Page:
Autism spectrum disorder (ASD) is a developmental disorder that involves developmental delays. It has been hypothesized that aberrant neural connectivity in ASD may cause atypical brain network development. Brain graphs not only describe the differences in brain networks between clinical and control groups, but also provide information about network development within each group. In the present study, graph indices of brain networks were estimated in children with ASD and in typically developing (TD) children using magnetoencephalography performed while the children viewed a cartoon video. We examined brain graphs from a developmental point of view, and compared the networks between children with ASD and TD children. Network development patterns (NDPs) were assessed by examining the association between the graph indices and the raw scores on the achievement scale or the age of the children. The ASD and TD groups exhibited different NDPs at both network and nodal levels. In the left frontal areas, the nodal degree and efficiency of the ASD group were negatively correlated with the achievement scores. Reduced network connections were observed in the temporal and posterior areas of TD children. These results suggested that the atypical network developmental trajectory in children with ASD is associated with the development score rather than age.

    DOI

  • Effects of an Additional Sequence of Color Stimuli on Visuomotor Sequence Learning

    Kanji Tanaka, Katsumi Watanabe

    FRONTIERS IN PSYCHOLOGY   8 ( JUN )  2017.06  [Refereed]

     View Summary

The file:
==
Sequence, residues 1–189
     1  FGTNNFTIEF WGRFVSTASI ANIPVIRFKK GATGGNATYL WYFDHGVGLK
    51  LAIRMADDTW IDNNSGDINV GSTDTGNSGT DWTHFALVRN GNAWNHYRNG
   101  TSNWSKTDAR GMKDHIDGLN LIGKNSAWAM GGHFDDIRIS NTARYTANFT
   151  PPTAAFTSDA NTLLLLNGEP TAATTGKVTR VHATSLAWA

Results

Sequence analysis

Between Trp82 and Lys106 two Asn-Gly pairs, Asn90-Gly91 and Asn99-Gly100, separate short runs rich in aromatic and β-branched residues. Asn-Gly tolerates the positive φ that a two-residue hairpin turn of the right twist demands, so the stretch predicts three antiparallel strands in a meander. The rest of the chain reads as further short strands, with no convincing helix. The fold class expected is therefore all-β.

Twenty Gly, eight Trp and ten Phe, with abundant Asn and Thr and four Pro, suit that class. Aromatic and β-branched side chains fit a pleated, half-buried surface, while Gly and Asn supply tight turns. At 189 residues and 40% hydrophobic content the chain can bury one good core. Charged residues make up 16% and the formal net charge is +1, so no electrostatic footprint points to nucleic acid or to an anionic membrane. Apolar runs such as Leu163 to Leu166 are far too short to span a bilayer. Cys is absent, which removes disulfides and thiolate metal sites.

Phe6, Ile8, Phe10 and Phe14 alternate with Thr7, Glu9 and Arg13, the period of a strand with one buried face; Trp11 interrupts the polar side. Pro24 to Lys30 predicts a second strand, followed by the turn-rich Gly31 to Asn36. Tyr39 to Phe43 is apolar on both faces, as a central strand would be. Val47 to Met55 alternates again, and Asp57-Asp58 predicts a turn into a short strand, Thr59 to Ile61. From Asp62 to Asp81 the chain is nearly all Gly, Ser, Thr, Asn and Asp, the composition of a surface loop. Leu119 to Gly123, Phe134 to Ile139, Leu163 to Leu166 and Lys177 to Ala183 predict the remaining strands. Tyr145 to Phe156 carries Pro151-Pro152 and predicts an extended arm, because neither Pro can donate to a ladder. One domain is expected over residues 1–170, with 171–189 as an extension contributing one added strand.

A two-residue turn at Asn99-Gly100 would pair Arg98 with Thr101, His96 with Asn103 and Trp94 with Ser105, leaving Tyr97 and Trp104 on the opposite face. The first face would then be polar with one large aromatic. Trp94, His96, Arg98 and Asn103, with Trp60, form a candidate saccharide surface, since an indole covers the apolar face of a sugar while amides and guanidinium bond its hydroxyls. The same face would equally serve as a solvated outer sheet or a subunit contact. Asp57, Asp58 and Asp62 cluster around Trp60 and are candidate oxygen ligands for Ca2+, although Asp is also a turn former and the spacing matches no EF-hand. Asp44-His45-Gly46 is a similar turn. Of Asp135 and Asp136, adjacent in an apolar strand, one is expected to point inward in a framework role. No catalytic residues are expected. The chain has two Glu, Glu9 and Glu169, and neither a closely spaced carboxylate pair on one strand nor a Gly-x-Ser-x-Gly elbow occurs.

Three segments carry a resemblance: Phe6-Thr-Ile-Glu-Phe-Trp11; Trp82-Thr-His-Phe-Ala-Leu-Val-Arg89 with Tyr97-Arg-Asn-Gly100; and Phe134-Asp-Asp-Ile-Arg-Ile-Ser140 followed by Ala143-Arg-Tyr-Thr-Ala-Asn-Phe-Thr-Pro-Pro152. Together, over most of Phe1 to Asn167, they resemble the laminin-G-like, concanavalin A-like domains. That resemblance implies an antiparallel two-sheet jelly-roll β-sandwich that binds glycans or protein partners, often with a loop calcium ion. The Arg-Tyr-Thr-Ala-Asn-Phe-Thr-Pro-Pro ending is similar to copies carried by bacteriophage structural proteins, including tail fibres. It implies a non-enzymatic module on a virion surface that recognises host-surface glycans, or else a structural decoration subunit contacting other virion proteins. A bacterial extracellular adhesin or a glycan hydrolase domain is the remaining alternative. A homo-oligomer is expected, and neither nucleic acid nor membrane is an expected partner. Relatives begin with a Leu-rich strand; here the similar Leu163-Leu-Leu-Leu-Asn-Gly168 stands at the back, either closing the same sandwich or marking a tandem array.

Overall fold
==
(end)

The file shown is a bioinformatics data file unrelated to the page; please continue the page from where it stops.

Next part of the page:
Through practice, people are able to integrate a secondary sequence (e.g., a stimulus-based sequence) into a primary sequence (e.g., a response-based sequence), but it is still controversial whether the integrated sequences lead to better learning than only the primary sequence. In the present study, we aimed to investigate the effects of a sequence that integrated space and color sequences on early and late learning phases (corresponding to effector-independent and effector-dependent learning, respectively) and how the effects differed in the integrated and primary sequences in each learning phase. In the task, the participants were required to learn a sequence of button presses using trial-and-error and to perform the sequence successfully for 20 trials (m x n task). First, in the baseline task, all participants learned a non-colored sequence, in which the response button always turned red. Then, in the learning task, the participants were assigned to two groups: a colored sequence group (i.e., space and color) or a non-colored sequence group (i.e., space). In the colored sequence, the response button turned a pre-determined color and the participants were instructed to attend to the sequences of both location and color as much as they could. The results showed that the participants who performed the colored sequence acquired the correct button presses of the sequence earlier, but showed a slower mean performance time than those who performed the non-colored sequence. Moreover, the slower performance time in the colored sequence group remained in a subsequent transfer task in which the spatial configurations of the buttons were vertically mirrored from the learning task. These results indicated that if participants explicitly attended to both the spatial response sequence and color stimulus sequence at the same time, they could develop their spatial representations of the sequence earlier (i.e., early development of the effector-independent learning), but might not be able to enhance their motor representations of the sequence (i.e., late development of the effector-dependent learning). Thus, the undeveloped effector-dependent representations in the colored sequence group directly led to a long performance time in the transfer sequence.